A group of researchers in the United Kingdom recently published a study in which it was found that babies born by cesarean section experience changes in their microbiome with respect to babies born vaginally.
It is scientifically proven that an alteration in the intestinal microbiome is related to the development of diseases in early childhood and throughout life.
In the case of neonates, this alteration in the microbiome can be attributed to many factors such as the development of pathogenic bacteria acquired in the hospital environment in which babies are born after caesarean section, the use of antibiotics by the mother, the absence of contact with the mother's uterus during birth, and the consumption of infant formulas.
The study revealed that babies born vaginally were enriched with species of Bifidobacterium (such as Bifidobacterium longum and Bifidobacterium breve), Escherichia (Escherichia coli), Bacteroides (Bacteroides vulgatus) and Parabacteroides (Parabacteroides distasonis) and on the contrary, The intestinal microbiota of babies born by caesarean section the dominates species were Enterococcus faecalis , Enterococcus faecium , Staphylococcus epidermis , parasanguinis Streptococcus , Klebsiella oxytoca , Klebsiella pneumoniae , Enterobacter cloacae , and Clostridium perfringens , all of which are commonly associated with the hospital environment of hospitalized premature infants.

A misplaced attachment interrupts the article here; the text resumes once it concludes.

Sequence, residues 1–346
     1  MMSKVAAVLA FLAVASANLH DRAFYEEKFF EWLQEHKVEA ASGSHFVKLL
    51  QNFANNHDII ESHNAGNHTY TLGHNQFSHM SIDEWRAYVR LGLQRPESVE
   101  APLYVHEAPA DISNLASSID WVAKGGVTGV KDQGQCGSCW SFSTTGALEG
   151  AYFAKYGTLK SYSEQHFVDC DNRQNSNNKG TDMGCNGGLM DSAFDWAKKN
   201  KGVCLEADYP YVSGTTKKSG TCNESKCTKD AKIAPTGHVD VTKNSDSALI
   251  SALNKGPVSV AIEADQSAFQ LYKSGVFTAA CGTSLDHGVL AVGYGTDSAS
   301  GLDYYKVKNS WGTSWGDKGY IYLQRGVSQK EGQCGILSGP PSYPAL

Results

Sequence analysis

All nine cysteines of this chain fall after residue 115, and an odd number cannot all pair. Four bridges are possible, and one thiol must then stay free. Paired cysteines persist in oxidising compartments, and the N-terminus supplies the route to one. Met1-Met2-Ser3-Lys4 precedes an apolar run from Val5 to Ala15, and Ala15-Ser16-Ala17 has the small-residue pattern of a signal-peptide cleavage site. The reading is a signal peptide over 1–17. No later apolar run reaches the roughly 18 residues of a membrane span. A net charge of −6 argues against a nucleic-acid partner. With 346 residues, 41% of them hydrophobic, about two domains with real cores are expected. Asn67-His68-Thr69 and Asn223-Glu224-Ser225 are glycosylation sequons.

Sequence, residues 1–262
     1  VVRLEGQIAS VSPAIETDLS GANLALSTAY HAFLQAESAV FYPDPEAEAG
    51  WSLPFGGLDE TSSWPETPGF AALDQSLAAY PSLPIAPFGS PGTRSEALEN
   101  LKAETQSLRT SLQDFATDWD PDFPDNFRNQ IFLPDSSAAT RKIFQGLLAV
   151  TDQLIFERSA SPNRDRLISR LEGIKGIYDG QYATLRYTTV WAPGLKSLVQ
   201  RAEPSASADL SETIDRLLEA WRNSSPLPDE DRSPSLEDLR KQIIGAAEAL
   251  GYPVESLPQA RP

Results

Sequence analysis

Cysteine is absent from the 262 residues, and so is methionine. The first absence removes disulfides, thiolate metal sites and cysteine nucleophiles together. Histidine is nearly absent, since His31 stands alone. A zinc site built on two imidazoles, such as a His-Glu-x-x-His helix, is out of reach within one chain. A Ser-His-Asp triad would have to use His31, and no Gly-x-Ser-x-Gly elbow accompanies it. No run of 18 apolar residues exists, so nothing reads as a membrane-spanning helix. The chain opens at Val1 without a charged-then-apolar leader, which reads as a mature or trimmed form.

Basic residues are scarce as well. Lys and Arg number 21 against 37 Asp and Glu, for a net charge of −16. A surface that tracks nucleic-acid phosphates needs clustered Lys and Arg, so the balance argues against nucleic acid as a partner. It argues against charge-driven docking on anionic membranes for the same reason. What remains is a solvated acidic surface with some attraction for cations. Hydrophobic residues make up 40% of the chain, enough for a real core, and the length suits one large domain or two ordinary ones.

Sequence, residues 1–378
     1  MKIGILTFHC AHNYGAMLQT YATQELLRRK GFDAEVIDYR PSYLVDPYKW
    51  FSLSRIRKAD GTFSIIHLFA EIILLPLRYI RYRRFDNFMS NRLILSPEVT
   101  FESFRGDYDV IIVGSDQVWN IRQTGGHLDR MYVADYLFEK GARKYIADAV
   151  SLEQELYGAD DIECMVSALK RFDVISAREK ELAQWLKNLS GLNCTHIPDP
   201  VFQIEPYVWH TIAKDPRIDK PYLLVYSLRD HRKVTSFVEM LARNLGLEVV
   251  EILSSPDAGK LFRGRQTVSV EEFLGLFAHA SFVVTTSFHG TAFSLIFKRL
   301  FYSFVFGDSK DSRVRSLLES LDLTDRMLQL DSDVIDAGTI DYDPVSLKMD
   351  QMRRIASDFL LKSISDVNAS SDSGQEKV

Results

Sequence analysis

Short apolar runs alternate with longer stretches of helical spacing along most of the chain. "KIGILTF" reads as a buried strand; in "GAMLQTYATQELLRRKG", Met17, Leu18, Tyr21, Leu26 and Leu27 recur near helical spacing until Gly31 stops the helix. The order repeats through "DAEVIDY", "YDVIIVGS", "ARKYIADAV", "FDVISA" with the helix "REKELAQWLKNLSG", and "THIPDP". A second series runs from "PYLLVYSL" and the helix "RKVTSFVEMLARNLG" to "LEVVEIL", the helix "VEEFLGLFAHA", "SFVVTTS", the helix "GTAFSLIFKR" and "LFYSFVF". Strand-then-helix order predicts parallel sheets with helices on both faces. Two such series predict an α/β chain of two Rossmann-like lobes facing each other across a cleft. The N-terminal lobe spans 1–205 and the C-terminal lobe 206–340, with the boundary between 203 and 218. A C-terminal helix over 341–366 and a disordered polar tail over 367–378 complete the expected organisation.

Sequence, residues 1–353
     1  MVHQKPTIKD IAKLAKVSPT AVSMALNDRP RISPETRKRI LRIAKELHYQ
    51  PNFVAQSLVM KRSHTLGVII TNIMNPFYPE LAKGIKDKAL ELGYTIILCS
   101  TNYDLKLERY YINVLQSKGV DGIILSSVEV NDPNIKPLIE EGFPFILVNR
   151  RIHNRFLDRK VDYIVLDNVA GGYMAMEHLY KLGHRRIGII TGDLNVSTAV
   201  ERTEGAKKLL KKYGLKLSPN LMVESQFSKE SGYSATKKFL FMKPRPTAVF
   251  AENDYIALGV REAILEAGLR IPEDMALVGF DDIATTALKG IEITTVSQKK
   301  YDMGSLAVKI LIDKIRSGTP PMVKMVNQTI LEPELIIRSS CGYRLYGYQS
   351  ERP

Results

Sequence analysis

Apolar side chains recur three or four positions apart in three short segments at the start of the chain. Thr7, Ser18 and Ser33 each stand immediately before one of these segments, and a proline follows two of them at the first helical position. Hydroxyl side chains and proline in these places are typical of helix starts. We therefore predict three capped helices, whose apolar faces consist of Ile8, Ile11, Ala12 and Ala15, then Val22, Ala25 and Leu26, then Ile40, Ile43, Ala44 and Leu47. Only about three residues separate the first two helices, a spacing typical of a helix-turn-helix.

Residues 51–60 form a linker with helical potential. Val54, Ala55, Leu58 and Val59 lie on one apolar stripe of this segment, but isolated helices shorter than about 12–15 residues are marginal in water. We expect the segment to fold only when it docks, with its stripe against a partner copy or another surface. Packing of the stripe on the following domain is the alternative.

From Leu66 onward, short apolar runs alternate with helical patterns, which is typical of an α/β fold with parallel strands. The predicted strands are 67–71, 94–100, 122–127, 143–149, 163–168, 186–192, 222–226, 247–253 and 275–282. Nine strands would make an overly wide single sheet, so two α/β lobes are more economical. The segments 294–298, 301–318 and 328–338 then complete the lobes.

The study, published in the journal Nature demonstrates that the mode of birth is a significant factor affecting the composition of the intestinal microbiota throughout the neonatal period and infancy, and that the hospital environment in which babies are born can develop pathogenic bacteria that could put the health of the newborn at risk.
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